Retailers are banking on Maryland shoppers packing stores beginning Aug. 14 to take advantage of a temporary rollback of the 6 percent state sales tax.
But what's good for consumers and retailers will come at a cost to the state, which expects to lose as much as $15 million in revenue because of the weeklong tax holiday.
Nationally, consumer spending dropped 0.2 percent in June, the latest figures available by the U.S. Department of Commerce. Although the country technically emerged from the recession months ago, many people still talk — and act — as if it hasn't.
Lifting the sales tax has become a popular way for states to say they are spurring economic growth, helping consumers save money and promoting political goodwill. Even if the savings aren't as big as at a typical sale, many people like the idea of not paying taxes.
But the practice also raises questions about whether temporary tax cuts make good financial sense, especially when states are facing their own budgetary problems due to the sluggish economy.
"Public officials like to be able to say they are doing something to help," said Neil Bergsman, director of the Maryland Budget & Tax Policy Institute. "It seems to be very popular with politicians, but economists and public finance experts think it's silly."
Maryland's tax reprieve was made possible by legislation passed in 2007 that designates a sales tax holiday for a week in August.
The tax exemption, timed during the busy back-to-school shopping season, can be applied to clothing or footwear under $100. Accessories such as umbrellas, watches and sunglasses are excluded.
"It benefits the retail stores in Maryland, which provide 70 percent of the jobs," said state Comptroller Peter Franchot. "Most importantly, it helps the citizens, many who have been hammered by the recession, to get a little relief."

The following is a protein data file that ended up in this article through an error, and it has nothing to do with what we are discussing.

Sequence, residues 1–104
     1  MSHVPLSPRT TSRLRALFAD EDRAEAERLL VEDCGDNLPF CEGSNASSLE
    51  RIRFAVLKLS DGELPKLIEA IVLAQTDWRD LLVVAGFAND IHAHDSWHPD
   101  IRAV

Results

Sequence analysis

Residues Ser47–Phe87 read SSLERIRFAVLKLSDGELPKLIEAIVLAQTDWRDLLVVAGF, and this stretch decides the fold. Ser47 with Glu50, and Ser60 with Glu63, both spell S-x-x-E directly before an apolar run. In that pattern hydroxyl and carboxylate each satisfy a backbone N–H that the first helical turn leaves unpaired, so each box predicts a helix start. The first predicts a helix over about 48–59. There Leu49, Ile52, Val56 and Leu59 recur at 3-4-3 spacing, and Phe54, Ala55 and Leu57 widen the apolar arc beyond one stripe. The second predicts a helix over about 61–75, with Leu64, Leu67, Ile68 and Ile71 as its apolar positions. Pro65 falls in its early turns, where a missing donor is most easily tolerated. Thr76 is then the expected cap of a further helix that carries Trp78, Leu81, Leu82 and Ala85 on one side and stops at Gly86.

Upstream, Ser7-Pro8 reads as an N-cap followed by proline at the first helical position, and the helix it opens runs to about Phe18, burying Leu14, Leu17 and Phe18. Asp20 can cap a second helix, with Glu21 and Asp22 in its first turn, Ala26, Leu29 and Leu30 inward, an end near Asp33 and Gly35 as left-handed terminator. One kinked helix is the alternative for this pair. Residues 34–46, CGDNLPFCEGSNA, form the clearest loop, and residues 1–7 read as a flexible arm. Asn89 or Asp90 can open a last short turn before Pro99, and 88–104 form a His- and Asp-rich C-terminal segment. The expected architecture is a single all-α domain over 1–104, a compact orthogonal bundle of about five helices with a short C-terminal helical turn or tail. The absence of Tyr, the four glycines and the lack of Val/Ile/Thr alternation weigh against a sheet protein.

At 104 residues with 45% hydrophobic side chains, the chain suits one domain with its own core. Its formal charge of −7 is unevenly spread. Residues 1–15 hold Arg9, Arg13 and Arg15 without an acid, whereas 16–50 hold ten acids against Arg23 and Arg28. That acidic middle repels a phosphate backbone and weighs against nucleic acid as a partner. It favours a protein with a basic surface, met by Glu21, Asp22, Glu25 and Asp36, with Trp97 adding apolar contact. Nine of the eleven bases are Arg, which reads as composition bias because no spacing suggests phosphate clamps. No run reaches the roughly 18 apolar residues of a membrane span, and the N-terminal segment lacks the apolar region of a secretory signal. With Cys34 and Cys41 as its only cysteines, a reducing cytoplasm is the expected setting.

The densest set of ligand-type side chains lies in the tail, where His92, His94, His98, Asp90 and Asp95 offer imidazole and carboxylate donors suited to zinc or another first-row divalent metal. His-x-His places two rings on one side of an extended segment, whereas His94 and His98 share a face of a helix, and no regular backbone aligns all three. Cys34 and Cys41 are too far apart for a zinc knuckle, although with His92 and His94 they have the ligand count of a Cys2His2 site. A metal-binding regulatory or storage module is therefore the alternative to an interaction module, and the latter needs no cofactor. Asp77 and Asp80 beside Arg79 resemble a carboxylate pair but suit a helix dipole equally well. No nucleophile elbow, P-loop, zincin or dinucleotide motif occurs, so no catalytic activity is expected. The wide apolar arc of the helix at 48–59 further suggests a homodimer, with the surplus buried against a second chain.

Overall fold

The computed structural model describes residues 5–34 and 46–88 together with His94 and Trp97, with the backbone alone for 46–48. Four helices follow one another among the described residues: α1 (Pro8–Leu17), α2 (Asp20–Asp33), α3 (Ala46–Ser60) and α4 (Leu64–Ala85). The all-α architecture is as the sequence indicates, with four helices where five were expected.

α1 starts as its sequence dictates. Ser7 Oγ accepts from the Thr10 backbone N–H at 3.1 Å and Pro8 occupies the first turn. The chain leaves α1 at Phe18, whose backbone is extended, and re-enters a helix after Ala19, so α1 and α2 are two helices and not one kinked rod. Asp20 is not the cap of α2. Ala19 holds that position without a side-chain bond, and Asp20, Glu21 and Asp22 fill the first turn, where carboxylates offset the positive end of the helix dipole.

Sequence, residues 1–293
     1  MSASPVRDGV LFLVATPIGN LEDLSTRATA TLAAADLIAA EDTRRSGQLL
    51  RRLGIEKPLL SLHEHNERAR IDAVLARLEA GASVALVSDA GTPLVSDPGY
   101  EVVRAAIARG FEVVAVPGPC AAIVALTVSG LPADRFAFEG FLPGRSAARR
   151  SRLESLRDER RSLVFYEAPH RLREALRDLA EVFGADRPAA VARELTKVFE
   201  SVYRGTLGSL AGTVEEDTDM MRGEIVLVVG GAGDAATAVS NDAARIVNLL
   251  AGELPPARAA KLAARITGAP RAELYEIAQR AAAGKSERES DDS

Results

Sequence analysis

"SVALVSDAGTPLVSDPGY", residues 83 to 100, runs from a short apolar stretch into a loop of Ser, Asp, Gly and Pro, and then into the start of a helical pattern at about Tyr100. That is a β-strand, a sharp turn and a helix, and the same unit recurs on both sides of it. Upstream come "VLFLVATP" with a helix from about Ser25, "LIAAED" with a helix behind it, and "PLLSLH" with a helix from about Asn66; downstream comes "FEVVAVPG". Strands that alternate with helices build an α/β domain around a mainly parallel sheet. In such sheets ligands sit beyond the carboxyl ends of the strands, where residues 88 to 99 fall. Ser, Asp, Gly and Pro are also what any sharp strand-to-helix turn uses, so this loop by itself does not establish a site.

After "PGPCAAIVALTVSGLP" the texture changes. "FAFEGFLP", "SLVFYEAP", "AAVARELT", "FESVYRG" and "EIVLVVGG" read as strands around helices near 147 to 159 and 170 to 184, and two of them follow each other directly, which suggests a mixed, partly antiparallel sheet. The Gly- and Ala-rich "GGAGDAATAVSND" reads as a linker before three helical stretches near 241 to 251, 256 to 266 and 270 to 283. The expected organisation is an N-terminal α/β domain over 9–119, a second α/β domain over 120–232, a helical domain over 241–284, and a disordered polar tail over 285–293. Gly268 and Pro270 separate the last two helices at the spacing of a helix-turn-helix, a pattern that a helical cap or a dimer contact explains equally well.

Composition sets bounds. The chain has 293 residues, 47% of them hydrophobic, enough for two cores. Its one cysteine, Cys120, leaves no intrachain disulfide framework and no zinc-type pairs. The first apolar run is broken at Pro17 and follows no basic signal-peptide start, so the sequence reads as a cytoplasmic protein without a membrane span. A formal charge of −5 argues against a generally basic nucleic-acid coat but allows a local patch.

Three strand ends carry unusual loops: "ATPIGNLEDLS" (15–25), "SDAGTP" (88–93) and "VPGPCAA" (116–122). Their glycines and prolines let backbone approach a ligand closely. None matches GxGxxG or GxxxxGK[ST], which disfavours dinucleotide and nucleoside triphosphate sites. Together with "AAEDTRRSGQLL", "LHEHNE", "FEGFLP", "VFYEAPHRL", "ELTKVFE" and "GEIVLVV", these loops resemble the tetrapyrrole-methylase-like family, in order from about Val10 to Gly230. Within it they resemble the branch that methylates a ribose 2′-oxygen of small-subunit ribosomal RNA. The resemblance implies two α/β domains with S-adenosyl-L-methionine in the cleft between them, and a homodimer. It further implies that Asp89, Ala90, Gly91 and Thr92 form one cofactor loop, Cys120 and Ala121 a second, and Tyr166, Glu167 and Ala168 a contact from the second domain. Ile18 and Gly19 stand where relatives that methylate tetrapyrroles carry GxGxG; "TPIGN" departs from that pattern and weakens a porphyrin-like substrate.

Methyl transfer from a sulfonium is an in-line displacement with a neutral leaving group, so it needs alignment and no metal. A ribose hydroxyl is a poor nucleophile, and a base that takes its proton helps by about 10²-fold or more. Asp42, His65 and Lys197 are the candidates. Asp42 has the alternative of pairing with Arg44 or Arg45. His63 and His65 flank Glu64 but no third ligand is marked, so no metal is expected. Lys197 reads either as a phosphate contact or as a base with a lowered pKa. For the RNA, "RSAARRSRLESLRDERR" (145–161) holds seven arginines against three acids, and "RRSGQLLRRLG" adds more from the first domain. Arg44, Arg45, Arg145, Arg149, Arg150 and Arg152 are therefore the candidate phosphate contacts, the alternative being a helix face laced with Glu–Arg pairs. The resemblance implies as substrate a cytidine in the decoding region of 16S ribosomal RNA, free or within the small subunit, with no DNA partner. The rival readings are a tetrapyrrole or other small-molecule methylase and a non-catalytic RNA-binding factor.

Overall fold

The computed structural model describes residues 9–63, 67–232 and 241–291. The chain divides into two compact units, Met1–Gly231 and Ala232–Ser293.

The state has estimated it could lose $10 million to $15 million during this year's tax vacation — a sum Franchot said is well worth it. "Our retailers have been so hurt by the ongoing recession that the $10 million we could lose in tax revenue is, in my opinion, more than paid off by shopping by consumers that week and return visits after that."
Critics say the costs of the tax holiday outweigh any benefits.
A weeklong tax vacation in 2001 cost the state about $5 million, according to a study by the comptroller's office. It is unclear how much was lost from last year's tax holiday, because the state didn't do such a study. Retailers don't have to report sales that aren't taxed, making the revenue loss difficult to track.
Bergsman said the tax break affects the timing of purchases but not volume. Shoppers may just buy a week earlier then they intended. He argues that the money could be going to fund programs and that tax repeals are politically driven.
A study by the Tax Foundation, a conservative think tank based in Washington, said tax holidays don't provide any significant boost to the economy and don't offer much relief to consumers, especially the poor. The group says states should spend more time focusing on ways to provide permanent tax relief to constituents.
Some critics also say the savings from tax holidays may be more perceived than real. The Tax Foundation found that some retailers raise prices during the holiday so there really aren't much savings.
"What it does is it gives us the thrill of feeling like we're able to be a little naughty and get away with evading our tax legally for a week," Bergsman said.
Still, many Maryland retailers like the tax holidays and are planning their back-to-school promotions around that week. They say total sales for the back-to-school shopping period increase because of the tax-free period.
JCPenney will extend store hours for three days during the tax-break week and promote it through some of its advertising. The retailer will also offer its own bargains on top of the tax savings.
Tax-free shopping: Who benefits?
Shoppers love it; others say its bad for the economy
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